AW Blog Chain April 2014

This month’s prompt – Random Fiasco*

It was early, an hour before I had to go onstage. I stood in the lounge trying to work up the nerve to approach my husband. He was in his cups again. Slumped down on a stool at the far end of the bar. Since he was fresh out of the big house and without a dime to his name, those cups of his were all on my tab. It was getting so Sal the barman couldn’t look me in the eye anymore, his cheeks burning with second-hand shame on account of my husband. The bum, the lush, the ex-con. Harry.

I took a cigarette from my purse, and fumbled for a matchbook. A meaty paw shoved itself into my eyeline, a lit match at the ready. I smelled bacon.

“You’ve come a long way, baby,” the voice attached to the hand said. McConigal. I said nothing and refused to turn my head to look at him. I did take the light, which encouraged him to keep talking, “Last I saw you, you was fan-dancing in a boardwalk cooch-show for nickels.”

“Yeah, and last I saw of you, you were squealing at a judge and getting my husband locked up.” I probably shouldn’t have said that, but he’d riled me. Him just being there was enough to do that.

“Well, Harry shouldn’ta got hisself caught, now should he? Besides, he’s out now. No harm, no foul.”

I glared at him. He tried on a smile that didn’t fit. The man was so oily I half-expected his face to slide right off and land somewhere just above his belt. I’d pulled myself up by my garter straps these past years, but the cop who’d put Harry away had treaded water, adding nothing but a fresh layer of oil and blubber to the scum that he was.

I turned away, walked to the bar and grabbed Harry under the oxters. We shambled out on deck together. I was hoping that the fresh air would sober him up some. I didn’t want him to see McConigal. I didn’t know what kind of game the cop was playing showing up here, and I didn’t want to find out.

I knew that part of Harry resented the way my life had changed while he’d been away. Mostly that he felt he’d had no part in it. Which wasn’t his fault. He’d been banged up a long time, and now he was having trouble adjusting to life on the outside. He’d gone from cramped quarters in the poky to the deck of this casino ship, the S.S. Rex, three miles out in Santa Monica bay. Adrift in endless ocean and sky.

I watched him, leaning on the guardrail, smoking, squinting back across the bay, and wondered how it was that I’d felt closer to him when he was away than I did now with him right here beside me.

It was his letters that did it. Made me fall in love with him all over again. Made me better myself. Took me from the boardwalk out into the bay. I still have them, every one. Tucked in a hat box in my cabin. I’d made a sachet out of a piece of one of his old shirts, filled it with sandalwood shavings, and put it in there too. Opening that box was like inhaling him, the old him. This new version smelled like rum and cigarettes.  He’d lost weight in prison, gone wiry like a whippet. His eyes had an odd look to them too, like he was forever focused on the horizon. Anything in the foreground, even me, was in a kind of blind spot for him now.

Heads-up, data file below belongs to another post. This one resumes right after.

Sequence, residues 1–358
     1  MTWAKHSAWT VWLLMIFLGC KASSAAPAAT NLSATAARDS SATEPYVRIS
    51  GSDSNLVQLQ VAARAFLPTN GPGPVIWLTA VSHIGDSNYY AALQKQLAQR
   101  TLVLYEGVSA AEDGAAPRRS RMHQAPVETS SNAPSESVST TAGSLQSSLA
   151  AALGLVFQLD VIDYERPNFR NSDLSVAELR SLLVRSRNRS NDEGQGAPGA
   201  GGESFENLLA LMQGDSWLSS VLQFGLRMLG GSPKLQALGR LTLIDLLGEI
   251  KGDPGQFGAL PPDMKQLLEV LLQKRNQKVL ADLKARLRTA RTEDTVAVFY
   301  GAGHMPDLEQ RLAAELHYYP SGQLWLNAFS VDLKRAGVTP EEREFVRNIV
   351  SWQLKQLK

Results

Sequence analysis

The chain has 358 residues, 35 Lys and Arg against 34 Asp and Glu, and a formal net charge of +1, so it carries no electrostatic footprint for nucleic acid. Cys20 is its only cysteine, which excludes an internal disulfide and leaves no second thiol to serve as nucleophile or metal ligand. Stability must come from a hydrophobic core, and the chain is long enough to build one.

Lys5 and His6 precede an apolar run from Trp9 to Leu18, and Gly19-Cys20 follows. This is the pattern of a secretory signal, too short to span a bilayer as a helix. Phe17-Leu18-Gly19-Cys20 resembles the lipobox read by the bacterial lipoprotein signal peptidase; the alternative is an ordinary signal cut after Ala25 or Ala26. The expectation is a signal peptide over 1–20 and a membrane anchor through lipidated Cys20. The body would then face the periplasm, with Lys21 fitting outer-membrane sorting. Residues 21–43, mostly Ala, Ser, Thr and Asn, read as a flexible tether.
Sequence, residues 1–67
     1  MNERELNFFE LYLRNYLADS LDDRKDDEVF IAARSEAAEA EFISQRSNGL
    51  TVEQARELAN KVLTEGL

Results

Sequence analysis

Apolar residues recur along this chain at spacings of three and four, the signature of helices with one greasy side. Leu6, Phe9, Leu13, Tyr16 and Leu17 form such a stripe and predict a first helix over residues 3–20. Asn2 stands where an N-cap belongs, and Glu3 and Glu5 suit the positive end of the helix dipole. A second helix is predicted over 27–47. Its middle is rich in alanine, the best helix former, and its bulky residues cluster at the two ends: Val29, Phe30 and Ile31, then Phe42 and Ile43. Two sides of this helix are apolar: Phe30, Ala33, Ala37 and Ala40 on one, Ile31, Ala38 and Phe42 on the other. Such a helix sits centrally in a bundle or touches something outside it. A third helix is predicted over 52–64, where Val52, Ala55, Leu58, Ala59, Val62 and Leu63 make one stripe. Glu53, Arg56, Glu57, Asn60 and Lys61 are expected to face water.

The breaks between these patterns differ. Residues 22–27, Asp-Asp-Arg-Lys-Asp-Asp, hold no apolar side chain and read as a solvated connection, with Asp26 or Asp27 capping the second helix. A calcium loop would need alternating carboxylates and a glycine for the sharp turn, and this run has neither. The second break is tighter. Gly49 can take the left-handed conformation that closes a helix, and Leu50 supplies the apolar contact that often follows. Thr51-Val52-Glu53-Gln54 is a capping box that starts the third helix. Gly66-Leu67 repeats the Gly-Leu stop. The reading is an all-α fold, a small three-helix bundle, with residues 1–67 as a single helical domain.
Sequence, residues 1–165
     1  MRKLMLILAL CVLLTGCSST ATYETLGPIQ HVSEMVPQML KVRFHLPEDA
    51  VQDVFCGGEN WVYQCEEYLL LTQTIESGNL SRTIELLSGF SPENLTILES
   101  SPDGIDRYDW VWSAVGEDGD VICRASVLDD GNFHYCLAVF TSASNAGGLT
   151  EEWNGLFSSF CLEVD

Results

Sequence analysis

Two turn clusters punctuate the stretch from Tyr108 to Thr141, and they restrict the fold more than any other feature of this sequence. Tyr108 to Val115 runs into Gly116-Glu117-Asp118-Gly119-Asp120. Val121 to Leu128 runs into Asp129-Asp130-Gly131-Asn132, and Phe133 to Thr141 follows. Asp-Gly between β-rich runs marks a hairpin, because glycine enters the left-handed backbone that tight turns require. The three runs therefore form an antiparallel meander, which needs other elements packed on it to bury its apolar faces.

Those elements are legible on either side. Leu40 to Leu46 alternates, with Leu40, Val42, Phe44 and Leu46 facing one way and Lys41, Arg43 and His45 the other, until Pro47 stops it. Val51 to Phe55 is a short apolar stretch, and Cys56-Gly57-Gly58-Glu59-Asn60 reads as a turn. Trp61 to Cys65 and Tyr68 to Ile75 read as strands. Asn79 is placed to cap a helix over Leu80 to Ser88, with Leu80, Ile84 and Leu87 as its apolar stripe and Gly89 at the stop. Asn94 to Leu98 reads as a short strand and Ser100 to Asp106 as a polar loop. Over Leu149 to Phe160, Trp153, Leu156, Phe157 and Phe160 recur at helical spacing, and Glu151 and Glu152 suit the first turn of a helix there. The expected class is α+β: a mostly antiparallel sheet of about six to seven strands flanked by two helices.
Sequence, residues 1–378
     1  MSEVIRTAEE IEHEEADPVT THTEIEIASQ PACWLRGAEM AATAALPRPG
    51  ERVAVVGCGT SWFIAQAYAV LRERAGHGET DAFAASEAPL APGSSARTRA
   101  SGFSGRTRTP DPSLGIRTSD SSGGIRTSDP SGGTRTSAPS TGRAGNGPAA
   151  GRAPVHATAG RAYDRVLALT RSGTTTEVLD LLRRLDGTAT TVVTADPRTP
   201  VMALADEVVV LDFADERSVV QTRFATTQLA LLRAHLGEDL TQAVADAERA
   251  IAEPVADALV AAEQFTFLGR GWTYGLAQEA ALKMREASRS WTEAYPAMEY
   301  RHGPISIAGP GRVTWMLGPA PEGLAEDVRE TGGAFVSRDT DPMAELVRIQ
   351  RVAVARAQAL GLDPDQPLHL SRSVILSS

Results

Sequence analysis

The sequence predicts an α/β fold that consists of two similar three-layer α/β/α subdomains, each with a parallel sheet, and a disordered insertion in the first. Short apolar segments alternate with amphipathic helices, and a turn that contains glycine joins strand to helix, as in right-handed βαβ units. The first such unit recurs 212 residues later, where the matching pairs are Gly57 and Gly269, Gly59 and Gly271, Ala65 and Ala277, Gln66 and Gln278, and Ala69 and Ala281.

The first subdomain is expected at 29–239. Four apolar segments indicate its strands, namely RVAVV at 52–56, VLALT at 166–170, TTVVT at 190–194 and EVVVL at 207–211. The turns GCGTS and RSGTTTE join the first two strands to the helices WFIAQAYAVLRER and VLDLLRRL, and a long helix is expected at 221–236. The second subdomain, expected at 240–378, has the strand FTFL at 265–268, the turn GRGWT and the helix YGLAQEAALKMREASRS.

And it was all McConigal’s fault. That bastard could have turned a blind eye to Harry. His cons hurt no-one that didn’t need to learn a lesson about greed in the first place. Harry was careful, too. Never took a mark for more than they could afford to lose. Trouble was, those who had money to lose howled loudly in the right ears once their embarrassment turned into rage. That was the only part Harry hadn’t thought through. McConigal took Harry down after a sharp decline in donations to the police benevolent fund. Turned out they’d been working the same marks, from different angles. That round, the badge won.

I heard a door slam shut behind us, and heavy footsteps moving across the deck. I didn’t need to turn around to know who it was.

“Nice view.” McConigal boomed, all bluster.

Beside me, I could feel Harry tense up. He spat over the rail.

“I come out here to see how you was, Harry.” McConigal said.

I made to say something, but Harry grabbed my arm to stop me. He turned around and grinned at McConigal, “Why, everything’s just peachy, Officer.”

“Detective.” McConigal corrected him.

“I help you get that promotion?” Harry asked, all wide-eyed wonder.

“Big case.” McConigal shrugged. “I figure I oughta thank you for it. Lemme buy you a drink.” He walked over and stood beside us, hand extended for a shake. The fool.

“Sure.” Harry said. He reached out, took McConigal’s hand, gripped it tightly, then pivoted and slung the fat man over the rail and into the drink.

McConigal wasn’t so great at treading water after all. Harry put an arm around my shoulder and we watched as the thrashing below us slowed and stopped, and the waters went quiet once more.

Harry lit a couple cigarettes and passed me one. I took it and leaned into him.

Somehow, he didn’t smell of rum anymore, and he never did again.

 

*This month, we rolled dice to choose from Fiasco playsets and to find our story scenarios.

The rolls for this story were:

Playset: (5) Los Angeles 1939, Film Noir

Relationship: (4) Romance (6) Current spouses

Needs: (2) To get even (1) With the lousy cop who burned you

Location: (4) Bay City (2) Gambling Ship S.S.Rex, three miles out in Santa Monica bay

Object: (6) Sentimental (3) Box of old love letters, with a scented sachet

Participants:

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